A park above the highway is one of the ideas suggested in a new study initiated by Eric Adams and conducted by NYU urban planning graduate students.
When NYCHA was founded in 1934, one of their first proposals for Brooklyn was a housing project in Red Hook.
While mention of the Verrazano-Narrows Bridge today might stir up grumbles about tolls and traffic, when it first opened 53 years ago this month it was an engineering marvel predicted to transform transportation between boroughs.
Relive the days when you swung with abandon and dug enthusiastically in sandboxes with a glance through vintage photos of kids at play.
The Brooklyn-Queens Expressway radically changed Brooklyn in the 20th century. Here's a look at its history and the ever-evolving proposals for repairing and rethinking it in the 21st.
More than anyone else in recent history, Robert Moses shaped the physical infrastructure of Brooklyn. We drive on his roads, stroll through his parks, live in his housing developments and are surrounded by his influence at every turn. From the 1920s through the late ’60s, Moses molded New York City like clay, creating a legacy of projects that are greatly used, while being loved, hated and controversial, even today.
Image source: Neotint on Flickr
Take advantage of the last official days of summer with this bike tour of the Rockaways (here’s the starting point – GMAP), focusing on the area’s history, especially the contributions by Robert Moses. Sponsored by the Rockaway Waterfront Alliance, the ride will last 1-3pm, and run 10 miles along the Rockaway boardwalk east to Jacob Riis Park and the Marine Parkway Bridge. Although bikes are available for loan, they’re on a first-come-first-serve basis, so be sure to RSVP beforehand.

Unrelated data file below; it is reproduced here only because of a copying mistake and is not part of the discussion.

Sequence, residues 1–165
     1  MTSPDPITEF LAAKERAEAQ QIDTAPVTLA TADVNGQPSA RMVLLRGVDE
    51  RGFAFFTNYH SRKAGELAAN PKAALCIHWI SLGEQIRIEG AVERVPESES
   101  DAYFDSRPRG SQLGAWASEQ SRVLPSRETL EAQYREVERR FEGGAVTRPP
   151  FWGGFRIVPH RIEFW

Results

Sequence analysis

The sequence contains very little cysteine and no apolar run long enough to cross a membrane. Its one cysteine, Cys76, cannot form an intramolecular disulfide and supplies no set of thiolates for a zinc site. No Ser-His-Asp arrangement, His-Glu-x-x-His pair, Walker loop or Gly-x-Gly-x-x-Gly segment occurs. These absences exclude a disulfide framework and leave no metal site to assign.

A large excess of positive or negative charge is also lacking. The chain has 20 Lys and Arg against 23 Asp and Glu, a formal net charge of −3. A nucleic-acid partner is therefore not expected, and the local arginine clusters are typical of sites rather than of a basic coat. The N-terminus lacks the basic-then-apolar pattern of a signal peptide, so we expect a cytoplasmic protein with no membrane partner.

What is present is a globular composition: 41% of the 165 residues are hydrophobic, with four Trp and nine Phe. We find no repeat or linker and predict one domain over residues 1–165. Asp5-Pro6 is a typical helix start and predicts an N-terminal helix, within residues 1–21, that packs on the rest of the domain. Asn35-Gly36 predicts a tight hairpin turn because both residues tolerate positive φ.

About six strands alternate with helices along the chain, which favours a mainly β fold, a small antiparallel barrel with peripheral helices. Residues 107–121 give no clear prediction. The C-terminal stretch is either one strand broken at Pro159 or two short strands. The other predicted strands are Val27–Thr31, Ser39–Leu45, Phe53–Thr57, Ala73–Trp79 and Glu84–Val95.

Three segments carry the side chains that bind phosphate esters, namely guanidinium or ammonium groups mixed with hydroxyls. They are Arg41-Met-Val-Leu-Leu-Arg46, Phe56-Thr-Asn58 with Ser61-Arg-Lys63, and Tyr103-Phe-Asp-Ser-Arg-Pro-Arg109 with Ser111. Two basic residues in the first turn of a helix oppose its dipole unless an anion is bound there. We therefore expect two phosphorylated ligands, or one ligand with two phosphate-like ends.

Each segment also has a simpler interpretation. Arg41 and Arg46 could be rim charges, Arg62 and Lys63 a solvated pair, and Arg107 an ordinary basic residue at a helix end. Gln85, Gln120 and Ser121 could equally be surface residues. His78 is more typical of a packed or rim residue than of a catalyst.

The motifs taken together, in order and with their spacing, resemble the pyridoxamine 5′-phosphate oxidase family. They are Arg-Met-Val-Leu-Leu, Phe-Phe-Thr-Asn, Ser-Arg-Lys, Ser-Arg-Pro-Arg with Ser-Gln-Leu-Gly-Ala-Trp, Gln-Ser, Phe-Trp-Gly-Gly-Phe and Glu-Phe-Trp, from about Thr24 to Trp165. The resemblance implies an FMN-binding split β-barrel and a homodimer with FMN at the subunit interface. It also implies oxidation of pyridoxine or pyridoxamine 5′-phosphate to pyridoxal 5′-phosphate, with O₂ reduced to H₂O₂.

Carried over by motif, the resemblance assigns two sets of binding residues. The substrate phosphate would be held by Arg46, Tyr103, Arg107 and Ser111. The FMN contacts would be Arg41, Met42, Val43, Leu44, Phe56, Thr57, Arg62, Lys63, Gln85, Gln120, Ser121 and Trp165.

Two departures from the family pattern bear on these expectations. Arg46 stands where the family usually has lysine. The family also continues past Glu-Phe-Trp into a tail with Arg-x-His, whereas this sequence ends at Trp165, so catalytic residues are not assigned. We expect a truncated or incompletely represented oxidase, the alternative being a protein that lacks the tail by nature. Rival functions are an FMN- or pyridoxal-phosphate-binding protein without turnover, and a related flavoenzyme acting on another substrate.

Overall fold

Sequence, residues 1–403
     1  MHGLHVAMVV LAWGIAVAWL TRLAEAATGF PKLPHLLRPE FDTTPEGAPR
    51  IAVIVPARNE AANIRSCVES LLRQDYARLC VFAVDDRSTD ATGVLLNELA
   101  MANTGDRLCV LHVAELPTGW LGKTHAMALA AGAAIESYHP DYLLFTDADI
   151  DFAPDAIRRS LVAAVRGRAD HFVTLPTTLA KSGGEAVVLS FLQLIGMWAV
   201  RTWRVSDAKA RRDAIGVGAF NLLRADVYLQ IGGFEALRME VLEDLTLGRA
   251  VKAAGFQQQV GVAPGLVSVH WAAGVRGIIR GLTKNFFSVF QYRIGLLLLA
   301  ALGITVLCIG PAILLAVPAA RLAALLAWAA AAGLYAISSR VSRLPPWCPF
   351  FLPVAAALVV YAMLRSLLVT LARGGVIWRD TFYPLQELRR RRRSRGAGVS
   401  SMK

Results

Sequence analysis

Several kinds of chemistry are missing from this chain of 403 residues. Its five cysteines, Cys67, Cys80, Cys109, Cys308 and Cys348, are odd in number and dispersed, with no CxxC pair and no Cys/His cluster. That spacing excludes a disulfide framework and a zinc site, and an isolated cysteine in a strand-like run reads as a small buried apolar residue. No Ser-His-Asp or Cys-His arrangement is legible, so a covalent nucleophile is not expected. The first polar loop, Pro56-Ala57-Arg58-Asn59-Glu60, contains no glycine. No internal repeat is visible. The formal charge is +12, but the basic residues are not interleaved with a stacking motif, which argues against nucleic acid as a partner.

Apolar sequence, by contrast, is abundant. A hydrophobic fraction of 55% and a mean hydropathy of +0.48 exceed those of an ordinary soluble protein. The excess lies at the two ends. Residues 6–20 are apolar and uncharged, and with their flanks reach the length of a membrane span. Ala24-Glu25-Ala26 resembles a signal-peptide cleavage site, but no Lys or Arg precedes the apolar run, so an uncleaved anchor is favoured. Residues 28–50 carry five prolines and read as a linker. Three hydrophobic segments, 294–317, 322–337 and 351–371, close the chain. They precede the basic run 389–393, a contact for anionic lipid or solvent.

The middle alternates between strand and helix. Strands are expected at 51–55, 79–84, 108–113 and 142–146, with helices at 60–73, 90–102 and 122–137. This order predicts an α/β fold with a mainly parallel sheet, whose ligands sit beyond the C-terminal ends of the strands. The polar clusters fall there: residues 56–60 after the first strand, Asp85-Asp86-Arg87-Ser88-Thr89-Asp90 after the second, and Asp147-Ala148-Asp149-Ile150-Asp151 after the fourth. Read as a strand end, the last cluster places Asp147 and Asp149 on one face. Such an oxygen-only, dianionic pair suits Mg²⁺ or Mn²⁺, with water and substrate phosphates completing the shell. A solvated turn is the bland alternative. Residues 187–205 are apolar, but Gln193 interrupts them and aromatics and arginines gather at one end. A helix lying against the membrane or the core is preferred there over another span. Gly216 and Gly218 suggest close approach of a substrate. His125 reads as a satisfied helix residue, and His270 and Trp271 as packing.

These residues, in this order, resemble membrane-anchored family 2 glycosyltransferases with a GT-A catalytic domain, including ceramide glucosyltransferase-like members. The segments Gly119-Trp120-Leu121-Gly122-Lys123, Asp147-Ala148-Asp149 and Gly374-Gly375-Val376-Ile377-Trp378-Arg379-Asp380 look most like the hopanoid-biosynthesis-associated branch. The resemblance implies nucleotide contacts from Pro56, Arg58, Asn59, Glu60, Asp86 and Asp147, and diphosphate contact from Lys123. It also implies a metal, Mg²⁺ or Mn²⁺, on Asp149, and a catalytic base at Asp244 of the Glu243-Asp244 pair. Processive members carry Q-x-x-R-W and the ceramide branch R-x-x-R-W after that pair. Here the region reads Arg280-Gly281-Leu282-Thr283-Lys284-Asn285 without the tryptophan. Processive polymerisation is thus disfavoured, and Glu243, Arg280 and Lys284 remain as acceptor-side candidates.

During the lean years of the Great Depression, New York City Parks Commissioner Robert Moses set out an ambitious goal to build swimming pools to relieve the summer heat for New York’s overheated masses. Armed with funds from the Works Progress Administration, a federally funded New Deal infrastructure program, Moses took on the herculean task of building a record number of pools and recreation centers, all to be ready by the summer of 1936.
In Brooklyn, four centers opened: McCarren Park, in Greenpoint, Red Hook Recreation Center in Red Hook, Sunset Park Center, Sunset Park, and the Betsy Head Center in Brownsville. All of the swimming pools in these centers were enormous, the largest being the McCarren pool, which could hold 6,800 people. They were all state of the art facilities, designed by famed architect Aymar Embury II, and landscape architect Gilmore D. Clarke.